Emotional intelligence: your firm’s greatest competitive advantage

Jun 02, 2020
John Kennedy explains why knowing too much can harm your practice, and where you should apply your focus instead.

When I ask Chartered Accountants to make a list of the problems that hold them back from getting new clients, I am sometimes surprised at the issues they include. One point never makes the list, yet it is often a challenge – they just know too much.
How can that be a problem? Surely every client wants a highly knowledgeable accountant, someone who is on top of all of the details and knows all of the angles?This is partly true, but it hides how you can inadvertently damage your practice.

Unless you take time to step back, think clearly from the perspective of the client and shape your words to meet their needs, you can quickly lose their attention. This problem is compounded by the assumption that your clients pay you for your knowledge of accountancy, but that is not why clients pay you.

Why do clients pay you?

This is a deceptively simple question. Is it because of the things you know or because of the things you do for them? Or is it because your qualifications mean you are empowered to authorise documents? Each answer constitutes some part of the reason, but each also obscures a vitally important point.

There are two crucial distinctions. First, clients do not pay you for the things you do; they pay you for the value you deliver. Second, the value you provide is only partially expressed in monetary terms. The fundamental truth is that, in many cases, clients most value the way you make them feel.

Where your real value lies

When you were studying as an undergraduate, the emphasis was on increasing your knowledge. You bought textbooks, you attended lectures, you completed assignments and the focus was always on what you knew – more facts, more information, more knowledge. Your exams tested and confirmed your knowledge; the more you could prove all you knew, the higher the grades. And the more you knew, the better you felt and the better you were regarded by the training firms for whom you hoped to work. With this relentless emphasis on knowing more and more, it is unsurprising that you came to assume that knowledge was where your value as an accountant lay.

Then you became a trainee Chartered Accountant in a firm. In your application, your interview and all of the tasks you were given, it was assumed that you had the knowledge required. At this point, the emphasis began to shift to the things you did. You were given specific tasks; what you did and the time it took was captured in timesheets. The emphasis of virtually every aspect of your work, your day and your value revolved around recording your activity in your timesheets.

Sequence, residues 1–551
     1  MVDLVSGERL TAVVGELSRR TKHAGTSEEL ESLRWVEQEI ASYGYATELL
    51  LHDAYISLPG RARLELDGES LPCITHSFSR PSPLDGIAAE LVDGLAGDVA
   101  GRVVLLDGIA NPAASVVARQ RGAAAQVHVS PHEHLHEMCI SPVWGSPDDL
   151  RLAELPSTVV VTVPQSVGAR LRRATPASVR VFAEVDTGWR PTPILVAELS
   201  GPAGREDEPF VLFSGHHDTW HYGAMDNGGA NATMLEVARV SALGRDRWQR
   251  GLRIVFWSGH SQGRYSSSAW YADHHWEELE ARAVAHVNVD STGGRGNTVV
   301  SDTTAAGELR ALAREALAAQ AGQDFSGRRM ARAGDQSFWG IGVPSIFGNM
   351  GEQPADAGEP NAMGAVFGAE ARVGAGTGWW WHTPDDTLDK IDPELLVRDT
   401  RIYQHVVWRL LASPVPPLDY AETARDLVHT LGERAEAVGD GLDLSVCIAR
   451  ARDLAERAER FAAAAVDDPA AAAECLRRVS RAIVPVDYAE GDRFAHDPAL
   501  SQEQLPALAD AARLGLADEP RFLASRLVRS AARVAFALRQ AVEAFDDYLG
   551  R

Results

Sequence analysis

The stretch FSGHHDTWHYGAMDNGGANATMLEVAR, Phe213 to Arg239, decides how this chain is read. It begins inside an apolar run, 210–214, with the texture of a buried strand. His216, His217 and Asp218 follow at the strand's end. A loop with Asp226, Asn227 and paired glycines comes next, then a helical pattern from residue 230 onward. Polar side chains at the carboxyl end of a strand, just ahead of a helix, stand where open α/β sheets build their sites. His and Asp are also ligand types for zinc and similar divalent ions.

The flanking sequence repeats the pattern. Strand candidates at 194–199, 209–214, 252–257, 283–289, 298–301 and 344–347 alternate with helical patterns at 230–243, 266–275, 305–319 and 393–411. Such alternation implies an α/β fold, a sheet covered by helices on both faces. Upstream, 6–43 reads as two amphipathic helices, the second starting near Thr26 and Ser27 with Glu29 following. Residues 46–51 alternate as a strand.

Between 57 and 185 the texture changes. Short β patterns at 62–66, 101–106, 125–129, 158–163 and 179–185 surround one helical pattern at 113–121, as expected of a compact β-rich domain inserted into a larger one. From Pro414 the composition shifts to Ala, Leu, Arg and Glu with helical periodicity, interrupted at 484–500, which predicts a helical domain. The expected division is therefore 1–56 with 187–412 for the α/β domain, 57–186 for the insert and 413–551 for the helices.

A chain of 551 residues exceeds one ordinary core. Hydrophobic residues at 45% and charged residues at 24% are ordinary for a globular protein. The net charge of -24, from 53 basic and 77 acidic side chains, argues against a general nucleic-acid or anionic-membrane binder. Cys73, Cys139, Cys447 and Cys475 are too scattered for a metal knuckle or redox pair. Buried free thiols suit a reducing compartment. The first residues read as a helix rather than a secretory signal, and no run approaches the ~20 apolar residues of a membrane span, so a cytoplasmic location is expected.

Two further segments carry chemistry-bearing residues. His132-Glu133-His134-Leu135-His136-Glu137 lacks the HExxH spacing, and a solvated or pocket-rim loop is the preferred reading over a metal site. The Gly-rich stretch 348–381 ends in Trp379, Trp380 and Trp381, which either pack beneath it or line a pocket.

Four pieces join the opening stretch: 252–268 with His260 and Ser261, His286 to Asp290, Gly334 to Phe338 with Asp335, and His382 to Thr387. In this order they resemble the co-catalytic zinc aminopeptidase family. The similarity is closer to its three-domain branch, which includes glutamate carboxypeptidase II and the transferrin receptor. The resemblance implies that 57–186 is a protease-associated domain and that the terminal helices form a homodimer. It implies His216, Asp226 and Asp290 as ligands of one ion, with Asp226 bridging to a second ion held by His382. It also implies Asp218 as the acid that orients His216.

And then you set up your own practice. By now, the emphasis had become so engrained – entrenched even – that you assumed that the key to building a successful practice revolved around turning what you knew into what you do, and recording that in timesheets to bill your client. This focus transferred to your client, but the truth is that this is not where your greatest value – nor your greatest opportunity – lies.

Your client wants your value, not your time

To build a successful practice, you need to move your thinking – and the focus for your client – beyond what you do and towards the value you provide. This involves two steps. The first step is to consciously move the emphasis from the things you do to the value you deliver. This first step is widely accepted but poorly implemented in practice.

The second step is perhaps even more critical if much less understood. To build a practice with strong bonds with long-term clients, you need to move the emphasis from facts to feelings. Human beings like to believe that our species is more rational than it really is. We believe that we see or hear something, we analyse it rationally, and we decide. But do you suppress your feelings at work and give dispassionate advice? Are you always logical and provide clients with clearly thought-out analysis? This is what we like to believe, but it is often untrue.


The reality looks much more like this: we see or hear something; we filter it through our emotions; we interpret it and tell ourselves a story; and on that basis, we decide if it is right or wrong. This filtering process happens all the time and while every client wants the facts dealt with, they assume that this is the minimum level of service they will receive from their accountant.


The bonds that make clients work with you and generate referrals are forged beneath the level of conscious thoughts. Even in business, the way we feel is of enormous importance so you can create a genuine edge by understanding and applying this.
The positive feelings generated by your work include peace of mind, increased confidence in decision-making, or the anticipation of a comfortable retirement. These are important sources of value, yet few realise just how vital these submerged feelings are – even in the most dispassionate business transaction.

Every interaction has a submerged, and usually unstated, emotional aspect. As a practice owner, you must understand this and use it to your advantage. When making the shift in focus from the things you do to the value you deliver, you must take account of the genuine feelings at play.